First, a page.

A file that you uploaded or altered, File:LambertCosineLaw2.png, has been listed at Wikipedia:Files for deletion. Please see the discussion to see why it has been listed (you may have to search for the title of the image to find its entry). Feel free to add your opinion on the matter below the nomination. Thank you. Sfan00 IMG (talk) 20:59, 2 August 2013 (UTC)

Yes, delete it. PAR (talk) 12:10, 3 August 2013 (UTC)

File:HPSLamp.png listed for deletion

A file that you uploaded or altered, File:HPSLamp.png, has been listed at Wikipedia:Files for deletion. Please see the discussion to see why it has been listed (you may have to search for the title of the image to find its entry). Feel free to add your opinion on the matter below the nomination. Thank you. Sfan00 IMG (talk) 08:05, 3 August 2013 (UTC)

Yes, delete it. PAR (talk) 12:08, 3 August 2013 (UTC)

Dear Editor PAR, here is a comment about a presentation of a calculation that you wrote here. I have some time ago fiddled with material near it, but not with the presentation of the calculation itself as it now stands.Chjoaygame (talk) 22:01, 14 August 2013 (UTC)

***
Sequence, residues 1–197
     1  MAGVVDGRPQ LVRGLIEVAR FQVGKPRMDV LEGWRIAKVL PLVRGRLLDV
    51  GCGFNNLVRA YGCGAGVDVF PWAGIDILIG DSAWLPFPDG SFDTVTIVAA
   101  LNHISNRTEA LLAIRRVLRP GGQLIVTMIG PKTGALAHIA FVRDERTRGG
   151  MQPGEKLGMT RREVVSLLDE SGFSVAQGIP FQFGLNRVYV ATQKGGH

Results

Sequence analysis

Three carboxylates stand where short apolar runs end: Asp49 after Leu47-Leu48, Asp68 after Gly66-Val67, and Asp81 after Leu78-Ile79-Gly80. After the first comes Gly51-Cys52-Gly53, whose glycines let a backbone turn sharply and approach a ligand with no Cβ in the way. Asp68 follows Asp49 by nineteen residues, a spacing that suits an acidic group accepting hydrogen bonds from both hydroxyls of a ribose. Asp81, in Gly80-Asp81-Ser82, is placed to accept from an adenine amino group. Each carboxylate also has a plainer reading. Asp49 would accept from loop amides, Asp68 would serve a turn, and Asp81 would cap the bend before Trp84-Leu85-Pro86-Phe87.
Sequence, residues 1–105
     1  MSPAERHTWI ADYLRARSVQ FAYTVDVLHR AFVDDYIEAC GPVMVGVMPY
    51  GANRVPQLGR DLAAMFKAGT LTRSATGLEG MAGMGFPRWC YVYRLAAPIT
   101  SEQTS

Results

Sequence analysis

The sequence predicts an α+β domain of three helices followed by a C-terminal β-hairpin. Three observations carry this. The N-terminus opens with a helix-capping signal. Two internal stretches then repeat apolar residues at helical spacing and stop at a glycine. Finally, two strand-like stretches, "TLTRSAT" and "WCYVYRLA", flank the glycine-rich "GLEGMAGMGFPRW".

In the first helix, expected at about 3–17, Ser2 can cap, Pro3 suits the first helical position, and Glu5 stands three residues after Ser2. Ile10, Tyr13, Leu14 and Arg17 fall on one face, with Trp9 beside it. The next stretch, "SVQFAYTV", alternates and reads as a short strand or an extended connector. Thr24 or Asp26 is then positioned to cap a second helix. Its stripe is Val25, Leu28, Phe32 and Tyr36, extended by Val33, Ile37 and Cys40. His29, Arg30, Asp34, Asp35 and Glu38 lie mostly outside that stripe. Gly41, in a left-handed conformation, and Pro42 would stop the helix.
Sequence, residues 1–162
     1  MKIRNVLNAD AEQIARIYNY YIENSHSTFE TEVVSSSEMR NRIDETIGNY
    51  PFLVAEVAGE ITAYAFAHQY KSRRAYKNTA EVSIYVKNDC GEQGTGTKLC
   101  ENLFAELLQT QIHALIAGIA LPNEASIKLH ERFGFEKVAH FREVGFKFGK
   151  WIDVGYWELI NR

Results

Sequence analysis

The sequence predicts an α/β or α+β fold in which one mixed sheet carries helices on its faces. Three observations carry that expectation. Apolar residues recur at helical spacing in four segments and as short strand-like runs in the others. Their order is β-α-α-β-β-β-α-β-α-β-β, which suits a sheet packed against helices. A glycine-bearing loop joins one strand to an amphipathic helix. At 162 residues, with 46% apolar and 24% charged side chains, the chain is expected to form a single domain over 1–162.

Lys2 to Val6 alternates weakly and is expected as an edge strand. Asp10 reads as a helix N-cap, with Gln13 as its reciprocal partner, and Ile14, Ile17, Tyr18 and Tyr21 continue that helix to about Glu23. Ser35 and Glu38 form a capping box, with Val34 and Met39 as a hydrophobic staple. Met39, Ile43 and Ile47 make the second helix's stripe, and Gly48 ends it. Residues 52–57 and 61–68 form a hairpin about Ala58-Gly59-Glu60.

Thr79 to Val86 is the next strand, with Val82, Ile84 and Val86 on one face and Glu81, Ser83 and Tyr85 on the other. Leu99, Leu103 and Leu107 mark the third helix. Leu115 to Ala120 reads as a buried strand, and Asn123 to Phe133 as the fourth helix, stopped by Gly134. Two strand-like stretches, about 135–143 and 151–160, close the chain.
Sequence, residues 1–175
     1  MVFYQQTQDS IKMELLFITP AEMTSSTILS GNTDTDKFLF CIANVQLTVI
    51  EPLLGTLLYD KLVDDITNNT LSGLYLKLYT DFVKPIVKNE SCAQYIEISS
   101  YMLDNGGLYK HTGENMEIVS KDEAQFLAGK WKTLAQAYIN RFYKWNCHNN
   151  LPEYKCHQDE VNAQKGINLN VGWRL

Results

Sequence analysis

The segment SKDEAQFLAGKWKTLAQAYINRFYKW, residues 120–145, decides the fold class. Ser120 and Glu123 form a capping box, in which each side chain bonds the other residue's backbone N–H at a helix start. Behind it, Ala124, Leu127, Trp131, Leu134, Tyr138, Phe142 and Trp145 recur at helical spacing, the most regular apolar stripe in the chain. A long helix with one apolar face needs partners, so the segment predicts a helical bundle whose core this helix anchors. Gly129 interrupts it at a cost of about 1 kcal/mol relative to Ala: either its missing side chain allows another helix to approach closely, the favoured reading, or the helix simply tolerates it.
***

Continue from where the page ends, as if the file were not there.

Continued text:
The statement that a photon gas in an enclosure will have a Planckian distribution is, strictly speaking, wrong. Only when the photon number is not conserved will the distribution be Planckian. Otherwise, there will be a chemical potential involved. If you find some physical law or principle that states that the photon number can never be conserved under any conditions, then you can state that the distribution will always be Planckian. Otherwise, the fact that it is not conserved when material bodies are present and interacting with the photon gas must be mentioned, to do otherwise is a disservice. We don't have to get all bent out of shape about what situations preserve photon number. If we don't have a fundamental physical principle which states that they are never conserved, then let's be precise.